The 12 scams of Christmas: Puppy scams

With the festive season nearly upon us, ‘tis the season for online scams.

The Financial and Cyber Crime Group are reminding Queenslanders to be aware of Grinch-like scammers and be sure to stay alert to scams, such as puppy scams.

This gets a special mention, as scammers know Christmas is a popular time to gift pets, and tug at people’s emotions posting fake ads of sought-after breeds.

The QPS as well as ScamWatch have warned previously about the rise in puppy scams seen during 2020.

Don’t fall for the cute pictures and cheap prices for what is a non-existent puppy – always do independent research and cut off communication if the ‘seller’ requests upfront payments through unsecure methods such as wire or bank transfer.

Doing a reverse image search is a good way to check if the puppy photo has been taken from elsewhere.

Always get a veterinarian report on any animal before you consider buying it.

Detective Inspector Vince Byrnes from the Financial and Cyber Crime Group said that you are always going to be better off buying a pet that you can see in person prior to buying the pet.

“We are reminding Queenslanders to stay in control when shopping online by ensuring the product website is legitimate, and researching the website online prior to making any purchases,” Detective Inspector Byrnes said.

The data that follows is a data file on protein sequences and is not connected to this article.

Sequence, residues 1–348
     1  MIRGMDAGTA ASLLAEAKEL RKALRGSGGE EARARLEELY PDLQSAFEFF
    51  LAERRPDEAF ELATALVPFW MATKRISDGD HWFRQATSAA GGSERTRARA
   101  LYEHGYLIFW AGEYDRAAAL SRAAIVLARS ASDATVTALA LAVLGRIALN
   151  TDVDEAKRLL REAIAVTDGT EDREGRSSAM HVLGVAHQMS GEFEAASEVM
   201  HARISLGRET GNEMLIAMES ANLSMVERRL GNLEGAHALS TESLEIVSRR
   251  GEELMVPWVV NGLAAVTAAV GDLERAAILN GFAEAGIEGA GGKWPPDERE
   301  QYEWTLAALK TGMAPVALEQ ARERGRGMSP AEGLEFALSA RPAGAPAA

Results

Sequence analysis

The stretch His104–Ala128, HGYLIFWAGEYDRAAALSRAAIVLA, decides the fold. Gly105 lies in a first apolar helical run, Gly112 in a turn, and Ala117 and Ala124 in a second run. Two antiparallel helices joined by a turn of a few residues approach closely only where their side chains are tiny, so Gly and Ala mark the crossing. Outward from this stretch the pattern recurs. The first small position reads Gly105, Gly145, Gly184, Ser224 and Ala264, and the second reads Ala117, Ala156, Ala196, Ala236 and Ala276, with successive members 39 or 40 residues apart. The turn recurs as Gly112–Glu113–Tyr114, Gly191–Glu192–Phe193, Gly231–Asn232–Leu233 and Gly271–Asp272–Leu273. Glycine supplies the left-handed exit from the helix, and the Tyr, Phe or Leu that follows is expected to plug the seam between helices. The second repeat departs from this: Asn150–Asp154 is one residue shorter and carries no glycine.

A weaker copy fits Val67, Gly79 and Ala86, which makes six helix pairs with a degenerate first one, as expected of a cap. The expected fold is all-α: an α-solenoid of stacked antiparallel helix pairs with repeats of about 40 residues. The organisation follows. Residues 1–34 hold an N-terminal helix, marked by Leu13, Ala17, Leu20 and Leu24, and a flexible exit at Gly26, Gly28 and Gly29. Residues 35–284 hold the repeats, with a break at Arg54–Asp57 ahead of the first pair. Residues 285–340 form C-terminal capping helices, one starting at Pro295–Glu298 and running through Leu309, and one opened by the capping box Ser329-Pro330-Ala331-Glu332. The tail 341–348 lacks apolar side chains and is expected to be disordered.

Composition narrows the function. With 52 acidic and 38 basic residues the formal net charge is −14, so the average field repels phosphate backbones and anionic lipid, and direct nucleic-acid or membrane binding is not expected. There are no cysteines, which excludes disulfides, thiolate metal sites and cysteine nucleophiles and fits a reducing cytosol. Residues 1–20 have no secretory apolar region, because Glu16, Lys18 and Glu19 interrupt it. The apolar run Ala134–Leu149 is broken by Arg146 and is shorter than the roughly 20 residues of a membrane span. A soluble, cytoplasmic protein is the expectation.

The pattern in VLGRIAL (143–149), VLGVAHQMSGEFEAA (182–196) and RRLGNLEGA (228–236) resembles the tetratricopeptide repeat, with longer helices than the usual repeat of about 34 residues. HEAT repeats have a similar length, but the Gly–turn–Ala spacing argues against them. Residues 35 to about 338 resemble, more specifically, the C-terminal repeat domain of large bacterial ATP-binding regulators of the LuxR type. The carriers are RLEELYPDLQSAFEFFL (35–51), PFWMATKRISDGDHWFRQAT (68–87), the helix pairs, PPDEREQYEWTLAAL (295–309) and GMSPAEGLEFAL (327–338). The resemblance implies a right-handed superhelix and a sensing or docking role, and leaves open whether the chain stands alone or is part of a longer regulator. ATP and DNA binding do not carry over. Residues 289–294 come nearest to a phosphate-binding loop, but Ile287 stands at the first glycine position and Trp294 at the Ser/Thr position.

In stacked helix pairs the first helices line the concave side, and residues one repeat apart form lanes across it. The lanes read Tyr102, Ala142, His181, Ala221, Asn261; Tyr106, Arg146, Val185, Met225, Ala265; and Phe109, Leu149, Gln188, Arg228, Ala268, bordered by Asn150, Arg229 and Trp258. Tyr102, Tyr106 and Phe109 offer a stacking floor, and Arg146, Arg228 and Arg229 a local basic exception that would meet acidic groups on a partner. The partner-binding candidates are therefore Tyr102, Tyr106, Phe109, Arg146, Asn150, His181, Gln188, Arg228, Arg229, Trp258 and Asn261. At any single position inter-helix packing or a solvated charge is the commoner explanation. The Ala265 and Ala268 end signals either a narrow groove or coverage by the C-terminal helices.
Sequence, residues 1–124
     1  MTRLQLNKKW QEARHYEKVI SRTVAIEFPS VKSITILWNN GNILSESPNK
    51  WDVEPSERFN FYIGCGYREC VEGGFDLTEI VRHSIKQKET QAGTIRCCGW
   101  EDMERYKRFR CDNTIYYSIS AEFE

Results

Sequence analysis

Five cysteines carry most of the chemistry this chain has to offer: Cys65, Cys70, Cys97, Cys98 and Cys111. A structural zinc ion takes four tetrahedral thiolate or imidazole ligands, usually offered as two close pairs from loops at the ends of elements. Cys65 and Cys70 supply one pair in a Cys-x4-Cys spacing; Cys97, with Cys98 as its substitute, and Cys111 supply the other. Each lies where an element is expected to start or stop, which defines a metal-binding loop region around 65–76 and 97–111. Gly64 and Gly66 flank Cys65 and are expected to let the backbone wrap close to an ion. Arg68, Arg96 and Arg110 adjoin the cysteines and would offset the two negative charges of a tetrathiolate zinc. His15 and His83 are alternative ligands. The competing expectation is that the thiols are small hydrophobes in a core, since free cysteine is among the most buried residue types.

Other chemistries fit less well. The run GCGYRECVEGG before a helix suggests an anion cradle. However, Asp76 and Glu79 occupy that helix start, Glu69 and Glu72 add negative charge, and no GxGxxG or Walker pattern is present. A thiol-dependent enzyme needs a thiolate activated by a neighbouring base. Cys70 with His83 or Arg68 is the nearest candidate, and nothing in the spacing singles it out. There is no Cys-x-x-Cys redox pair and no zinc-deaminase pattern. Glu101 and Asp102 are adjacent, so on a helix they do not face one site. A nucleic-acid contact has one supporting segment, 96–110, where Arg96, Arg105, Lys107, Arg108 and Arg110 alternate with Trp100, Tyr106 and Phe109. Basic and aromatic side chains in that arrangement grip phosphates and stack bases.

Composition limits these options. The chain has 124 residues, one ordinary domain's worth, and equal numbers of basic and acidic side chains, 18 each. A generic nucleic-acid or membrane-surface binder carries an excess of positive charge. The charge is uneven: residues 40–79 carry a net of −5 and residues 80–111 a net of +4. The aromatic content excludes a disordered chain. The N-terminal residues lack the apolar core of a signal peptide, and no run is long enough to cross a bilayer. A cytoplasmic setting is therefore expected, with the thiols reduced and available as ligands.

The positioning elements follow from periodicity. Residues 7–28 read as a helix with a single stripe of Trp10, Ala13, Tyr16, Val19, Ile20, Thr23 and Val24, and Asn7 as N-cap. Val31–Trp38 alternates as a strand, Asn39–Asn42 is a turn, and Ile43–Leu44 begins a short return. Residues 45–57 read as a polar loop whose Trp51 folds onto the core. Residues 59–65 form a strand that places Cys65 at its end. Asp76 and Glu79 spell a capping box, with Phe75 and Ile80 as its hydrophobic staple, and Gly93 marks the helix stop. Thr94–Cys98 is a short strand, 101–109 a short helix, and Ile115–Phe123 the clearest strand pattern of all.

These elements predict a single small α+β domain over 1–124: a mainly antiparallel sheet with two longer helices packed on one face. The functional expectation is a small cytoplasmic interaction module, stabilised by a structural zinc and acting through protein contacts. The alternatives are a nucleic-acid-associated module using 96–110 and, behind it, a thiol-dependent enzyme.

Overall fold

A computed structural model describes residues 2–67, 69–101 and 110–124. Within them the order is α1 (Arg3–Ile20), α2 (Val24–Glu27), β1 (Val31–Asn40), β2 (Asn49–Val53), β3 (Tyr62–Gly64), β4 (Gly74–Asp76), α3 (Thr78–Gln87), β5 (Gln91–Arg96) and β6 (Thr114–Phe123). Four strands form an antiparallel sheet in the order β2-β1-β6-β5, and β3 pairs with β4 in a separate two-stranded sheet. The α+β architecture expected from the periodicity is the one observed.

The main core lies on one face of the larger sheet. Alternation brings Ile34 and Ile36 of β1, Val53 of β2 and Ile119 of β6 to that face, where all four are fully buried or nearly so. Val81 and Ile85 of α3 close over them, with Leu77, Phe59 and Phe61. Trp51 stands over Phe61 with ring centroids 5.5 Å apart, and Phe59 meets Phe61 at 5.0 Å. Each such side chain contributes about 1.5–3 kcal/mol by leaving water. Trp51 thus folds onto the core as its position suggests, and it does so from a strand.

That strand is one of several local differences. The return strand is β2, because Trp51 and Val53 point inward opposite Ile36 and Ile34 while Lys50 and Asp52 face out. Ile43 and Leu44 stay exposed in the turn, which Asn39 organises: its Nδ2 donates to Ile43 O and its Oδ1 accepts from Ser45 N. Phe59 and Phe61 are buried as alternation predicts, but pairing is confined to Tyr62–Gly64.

“If a website does not participate with a secure payment service or a credit card transaction, or is offering greater discounts for direct deposit, it is most likely a scam.

“Usually the criminal is after your finances and your personal identification information.”

For information on fake websites, phishing scams, parcel delivery scams and fake seller/buyer scams, click on the links below:

The 12 scams of Christmas: Fake websites

The 12 scams of Christmas: Phishing scams

The 12 scams of Christmas: Parcel delivery scams

The 12 scams of Christmas: Fake online sellers

The 12 scams of Christmas: Fake online buyers

To learn more about scams, visit www.scamwatch.gov.au or the Queensland Police Service’s R U in Control campaign at www.police.qld.gov.au/safety-and-preventing-crime/r-u-in-control.

If you have information for police, contact Policelink by providing information using the online suspicious activity form 24hrs per day at www.police.qld.gov.au/reporting.

You can report information about crime anonymously to Crime Stoppers, a registered charity and community volunteer organisation, via crimestoppersqld.com.au 24hrs per day.

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